Well-known Montreal chef Danny Smiles came to Hudson for a little country living, but he clearly still yearns for the buzz and excitement of running a restaurant in the heart of the big city.
For years, he was the chef at Le Bremner, celebrity chef and TV star Chuck Hughes’s well-known restaurant in the Old Port that closed during the pandemic, and Hughes and Smiles also worked together cooking up high-end grub for the artists performing at the Osheaga festival.
Smiles was named executive chef and general manager of the historic Willow Inn on the banks of Lake of Two Mountains in Hudson in the spring of 2021 and a few months later he moved out to the quiet town. Smiles — winner of Iron Chef Canada — loved being out there with his wife and two young boys, River, 2, and Lennon, 4.
But in a conversation this week at the Willow Inn, where he was welcoming a group of high school kids from Gatineau, Smiles said he’s going to be spending a lot more time in the city in the coming months. Soon after it was announced in August acclaimed Plateau eater Maison Publique was closing its doors, Smiles reached a deal with Maison Publique owner Derek Dammann to take over the location.
Smiles will be opening a new restaurant on the same premises on Marquette St. in the heart of the Plateau in February. That’s in addition to another newish Plateau venture for Smiles — Double’s, a designer dive/hamburger joint that he opened in April on Parc Ave. It’s already a popular spot both with locals and visiting celebs, most notably Foo Fighters frontman Dave Grohl, who swung by there after the band’s concert at the Verdun Auditorium in July.
“There’s something as a chef, I mean I love it out here, but I had an amazing opportunity to take something over in the city, so sometimes you just need to go back and do it one more time,” Smiles said. “I love starting new projects. Taking (the Willow Inn) on was amazing and to watch it grow, that was something really special. And opening up a bar in April (Double’s), that’s really different. That’s focused just on being together. It’s like Cheers. It’s just bar food and having fun. It’s been a real success. It’s been nice. The concept is dive bar, sports bar, everyone is welcome. It’s very accessible. Try to keep the costs low for people to have a good time.”
He was fairly tight-lipped about exactly what he has up his sleeve for the Maison Publique space, but he did reveal a few details.
“All I can say is I’m really excited and I’m trying not to divulge too much information. We’re looking at a February opening if everything goes well. I’m partnered up with three of my closest friends. We’re extremely passionate about food and restaurants and we’re going to do it our way.”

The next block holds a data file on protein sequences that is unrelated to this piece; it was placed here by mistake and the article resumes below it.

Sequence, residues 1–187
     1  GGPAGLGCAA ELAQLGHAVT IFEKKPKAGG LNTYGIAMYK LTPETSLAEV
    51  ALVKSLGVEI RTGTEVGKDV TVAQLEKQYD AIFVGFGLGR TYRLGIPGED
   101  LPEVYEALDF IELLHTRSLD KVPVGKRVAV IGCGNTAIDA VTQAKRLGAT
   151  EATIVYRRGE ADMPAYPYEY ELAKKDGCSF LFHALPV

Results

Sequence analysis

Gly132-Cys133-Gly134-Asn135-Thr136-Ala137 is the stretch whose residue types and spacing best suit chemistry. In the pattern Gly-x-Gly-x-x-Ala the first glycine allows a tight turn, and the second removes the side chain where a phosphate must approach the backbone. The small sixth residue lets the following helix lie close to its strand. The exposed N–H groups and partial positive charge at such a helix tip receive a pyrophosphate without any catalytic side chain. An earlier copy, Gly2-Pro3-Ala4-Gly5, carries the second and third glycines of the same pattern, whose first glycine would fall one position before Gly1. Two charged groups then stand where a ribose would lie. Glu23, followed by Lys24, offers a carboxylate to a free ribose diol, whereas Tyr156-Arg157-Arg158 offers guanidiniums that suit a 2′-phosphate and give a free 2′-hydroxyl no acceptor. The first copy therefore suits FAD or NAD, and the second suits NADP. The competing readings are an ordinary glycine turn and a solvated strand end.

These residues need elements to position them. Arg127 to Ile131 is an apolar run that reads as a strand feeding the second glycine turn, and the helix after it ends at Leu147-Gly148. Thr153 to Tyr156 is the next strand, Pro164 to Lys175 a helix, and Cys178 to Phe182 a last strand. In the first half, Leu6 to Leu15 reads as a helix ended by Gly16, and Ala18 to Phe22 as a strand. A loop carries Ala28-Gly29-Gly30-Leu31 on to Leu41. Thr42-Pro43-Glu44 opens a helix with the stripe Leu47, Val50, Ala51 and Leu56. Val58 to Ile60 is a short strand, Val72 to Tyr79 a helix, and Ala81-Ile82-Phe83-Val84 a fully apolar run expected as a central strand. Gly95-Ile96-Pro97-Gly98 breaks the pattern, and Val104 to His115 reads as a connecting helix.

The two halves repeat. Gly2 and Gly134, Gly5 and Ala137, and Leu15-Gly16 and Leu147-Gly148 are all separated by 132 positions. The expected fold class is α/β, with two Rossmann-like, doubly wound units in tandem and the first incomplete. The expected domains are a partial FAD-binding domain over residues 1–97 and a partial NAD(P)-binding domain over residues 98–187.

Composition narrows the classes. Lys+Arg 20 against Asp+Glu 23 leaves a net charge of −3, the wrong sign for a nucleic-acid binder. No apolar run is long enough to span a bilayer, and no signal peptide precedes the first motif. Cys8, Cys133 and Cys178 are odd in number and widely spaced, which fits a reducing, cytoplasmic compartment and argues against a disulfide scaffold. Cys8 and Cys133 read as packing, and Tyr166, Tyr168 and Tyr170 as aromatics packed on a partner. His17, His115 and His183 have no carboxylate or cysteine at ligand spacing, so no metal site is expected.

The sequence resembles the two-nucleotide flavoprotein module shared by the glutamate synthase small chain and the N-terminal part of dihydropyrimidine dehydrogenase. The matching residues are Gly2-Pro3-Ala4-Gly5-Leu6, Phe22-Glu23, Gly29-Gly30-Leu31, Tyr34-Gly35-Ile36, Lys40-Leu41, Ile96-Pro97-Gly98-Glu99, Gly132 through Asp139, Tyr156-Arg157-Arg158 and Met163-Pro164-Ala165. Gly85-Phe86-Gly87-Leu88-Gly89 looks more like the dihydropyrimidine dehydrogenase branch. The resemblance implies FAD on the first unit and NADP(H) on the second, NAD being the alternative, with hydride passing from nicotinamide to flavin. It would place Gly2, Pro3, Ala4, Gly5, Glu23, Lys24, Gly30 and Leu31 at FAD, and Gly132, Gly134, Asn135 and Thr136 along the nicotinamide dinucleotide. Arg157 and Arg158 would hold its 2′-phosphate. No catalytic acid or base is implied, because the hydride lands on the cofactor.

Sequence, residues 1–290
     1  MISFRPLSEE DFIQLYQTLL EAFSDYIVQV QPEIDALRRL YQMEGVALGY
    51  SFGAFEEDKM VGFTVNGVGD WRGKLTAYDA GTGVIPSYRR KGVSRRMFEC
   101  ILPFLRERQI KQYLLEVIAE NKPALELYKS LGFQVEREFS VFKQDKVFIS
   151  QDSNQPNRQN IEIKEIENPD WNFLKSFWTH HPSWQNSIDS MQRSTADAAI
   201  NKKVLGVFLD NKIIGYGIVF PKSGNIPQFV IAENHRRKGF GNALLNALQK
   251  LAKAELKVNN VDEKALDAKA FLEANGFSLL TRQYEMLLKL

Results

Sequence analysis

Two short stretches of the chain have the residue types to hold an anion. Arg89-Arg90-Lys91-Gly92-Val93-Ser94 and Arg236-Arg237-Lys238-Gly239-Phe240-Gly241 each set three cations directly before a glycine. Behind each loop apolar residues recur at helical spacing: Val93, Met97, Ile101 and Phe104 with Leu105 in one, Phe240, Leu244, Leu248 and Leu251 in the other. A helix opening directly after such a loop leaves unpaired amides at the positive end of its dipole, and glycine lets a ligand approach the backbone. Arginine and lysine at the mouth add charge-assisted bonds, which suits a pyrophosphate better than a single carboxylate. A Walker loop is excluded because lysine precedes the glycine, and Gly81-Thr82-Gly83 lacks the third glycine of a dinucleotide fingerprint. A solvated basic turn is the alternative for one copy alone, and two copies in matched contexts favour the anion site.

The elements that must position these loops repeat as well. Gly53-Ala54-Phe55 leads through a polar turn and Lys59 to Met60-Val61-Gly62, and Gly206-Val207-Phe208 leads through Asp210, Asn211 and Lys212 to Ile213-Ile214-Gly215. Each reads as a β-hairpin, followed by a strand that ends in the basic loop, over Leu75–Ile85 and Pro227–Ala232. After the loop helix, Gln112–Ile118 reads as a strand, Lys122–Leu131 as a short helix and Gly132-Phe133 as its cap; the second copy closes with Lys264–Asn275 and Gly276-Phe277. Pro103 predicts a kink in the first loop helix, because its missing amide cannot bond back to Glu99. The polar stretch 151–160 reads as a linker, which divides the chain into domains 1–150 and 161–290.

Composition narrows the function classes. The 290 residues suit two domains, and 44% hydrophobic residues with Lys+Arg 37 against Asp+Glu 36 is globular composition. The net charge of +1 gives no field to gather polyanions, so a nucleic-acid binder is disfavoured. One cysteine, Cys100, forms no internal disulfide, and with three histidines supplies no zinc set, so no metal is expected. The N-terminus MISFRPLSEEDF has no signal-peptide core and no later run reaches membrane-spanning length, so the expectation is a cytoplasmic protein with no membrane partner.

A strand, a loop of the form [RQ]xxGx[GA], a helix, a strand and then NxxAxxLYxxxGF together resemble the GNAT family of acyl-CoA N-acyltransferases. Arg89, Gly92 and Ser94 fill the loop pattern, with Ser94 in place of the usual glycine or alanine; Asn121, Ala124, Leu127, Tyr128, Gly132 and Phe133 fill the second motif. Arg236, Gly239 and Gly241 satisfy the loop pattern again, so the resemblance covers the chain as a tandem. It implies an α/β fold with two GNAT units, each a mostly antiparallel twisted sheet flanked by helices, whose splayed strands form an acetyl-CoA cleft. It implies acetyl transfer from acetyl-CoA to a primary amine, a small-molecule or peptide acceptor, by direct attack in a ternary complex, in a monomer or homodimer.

He’s well aware he has some big shoes — or is it frying pans? — to fill following in the footsteps of Dammann’s Maison Publique, one of the country’s most praised restaurants.
“He’s definitely one of my favourite chefs in the city,” Smiles said. “It’s very tough to think you’re taking over a space that people loved right across the country. People would travel from all over the world to eat there. It was a very special place and I think he was ready to close the chapter and he was happy to pass it along. That’s my duty. To keep it alive and keep his ideology of food. We have the same ideas about quality and local (products).”
The students at the Willow Inn on Thursday were from Philemon Wright High School in Gatineau, brought there as part of Cheese4Change, a youth program created by Tre Stelle Cheese to raise awareness about sustainable food. Smiles gave the teenagers a tour of the inn’s gardens, showed them how they worked in the kitchen and then served them a lunch of grilled cheese sandwiches, salad and tiramisu.
Smiles may end up spending more time in central Montreal in the coming months, but he doesn’t regret for one second moving his home and work out to Hudson.
“I’ve been a city chef my whole life, I always worked in the city,” Smiles said. “It was a nice challenge to take (over) the Willow Inn that’s been here 200 years and there’s a lot of history. … It was a time, in the pandemic, that I kind of needed a breath of fresh air, something different. It’s been amazing. The quality of life, the community, the neighbourhood. There’s a really strong community in Hudson. There’s a lot of great businesses and people that do just phenomenal stuff.”
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